Disestablishing paternity under Iowa's child support laws
Posted on 03/28/2016 at 12:00 AM by Mary Zambreno
There’s a Davenport man who’s making national headlines for contesting a law that requires him to pay child support for a child he claims is not his. Joe Vandusen received a letter from the Iowa Department of Human Services notifying him that he is required to pay child support for his estranged wife’s one-year-old baby, even though he apparently hasn’t seen her in about 17 years. He was told that because they are still legally married, he would be held responsible for the child support. That’s because Iowa has a law that says that a man who is married to a woman is automatically presumed to be the putative father of a baby born of that marriage.
So how can Vandusen refute this presumption?
Iowa Code 252F is instructive on this issue. He will need to file a petition to disestablish, or written denial of, his paternity. The presumption of paternity may be rebutted only by clear and convincing evidence and to accomplish this, the father, mother, and child would need to submit to paternity testing. If the paternity test shows that the putative father is not the biological father of the child, the child support recovery unit is required to withdraw its action.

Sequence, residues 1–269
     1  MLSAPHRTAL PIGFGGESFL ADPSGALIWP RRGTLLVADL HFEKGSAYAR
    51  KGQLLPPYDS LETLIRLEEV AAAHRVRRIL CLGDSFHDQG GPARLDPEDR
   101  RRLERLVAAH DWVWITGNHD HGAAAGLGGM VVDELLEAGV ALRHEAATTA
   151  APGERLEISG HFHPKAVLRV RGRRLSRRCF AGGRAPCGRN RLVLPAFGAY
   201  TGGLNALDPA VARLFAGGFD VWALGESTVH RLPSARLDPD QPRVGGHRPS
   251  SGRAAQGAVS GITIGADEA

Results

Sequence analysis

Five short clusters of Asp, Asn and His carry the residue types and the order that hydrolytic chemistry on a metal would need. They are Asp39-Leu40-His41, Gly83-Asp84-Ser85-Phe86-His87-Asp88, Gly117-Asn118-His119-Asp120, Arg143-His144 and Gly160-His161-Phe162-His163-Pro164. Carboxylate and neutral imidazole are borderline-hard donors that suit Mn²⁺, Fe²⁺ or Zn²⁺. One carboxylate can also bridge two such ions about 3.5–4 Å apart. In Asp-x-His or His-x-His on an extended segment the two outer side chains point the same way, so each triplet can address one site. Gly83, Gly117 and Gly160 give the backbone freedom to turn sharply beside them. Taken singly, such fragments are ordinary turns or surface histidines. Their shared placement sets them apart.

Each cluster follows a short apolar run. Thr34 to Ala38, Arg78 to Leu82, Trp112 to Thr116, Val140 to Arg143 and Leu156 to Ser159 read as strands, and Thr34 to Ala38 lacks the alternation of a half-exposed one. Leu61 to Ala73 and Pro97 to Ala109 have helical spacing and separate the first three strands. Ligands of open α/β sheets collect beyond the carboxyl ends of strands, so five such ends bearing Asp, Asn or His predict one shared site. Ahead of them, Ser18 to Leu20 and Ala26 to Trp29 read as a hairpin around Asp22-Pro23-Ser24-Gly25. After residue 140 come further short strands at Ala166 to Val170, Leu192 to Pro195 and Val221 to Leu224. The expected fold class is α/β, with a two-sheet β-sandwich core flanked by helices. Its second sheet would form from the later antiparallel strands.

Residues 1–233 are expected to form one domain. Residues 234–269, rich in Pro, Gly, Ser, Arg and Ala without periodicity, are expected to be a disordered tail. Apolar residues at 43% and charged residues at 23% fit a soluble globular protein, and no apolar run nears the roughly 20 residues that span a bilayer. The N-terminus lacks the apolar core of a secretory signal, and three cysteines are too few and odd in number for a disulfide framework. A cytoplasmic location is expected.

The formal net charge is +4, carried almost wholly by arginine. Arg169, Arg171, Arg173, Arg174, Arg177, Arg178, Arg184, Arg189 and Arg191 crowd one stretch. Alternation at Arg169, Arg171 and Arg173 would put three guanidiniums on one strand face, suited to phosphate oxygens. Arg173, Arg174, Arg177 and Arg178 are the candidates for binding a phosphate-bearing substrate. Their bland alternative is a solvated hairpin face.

Vandusen’s complaint is that it is going to cost at least $2,000 to retain an attorney just to disestablish his paternity. But that’s nominal compared to the cost of supporting a one-year-old that isn’t his for the next 18 years.
The material in this blog is not intended, nor should it be construed or relied upon, as legal advice. Please consult with an attorney if specific legal information is needed.
Categories: Mary Zambreno, Family Law
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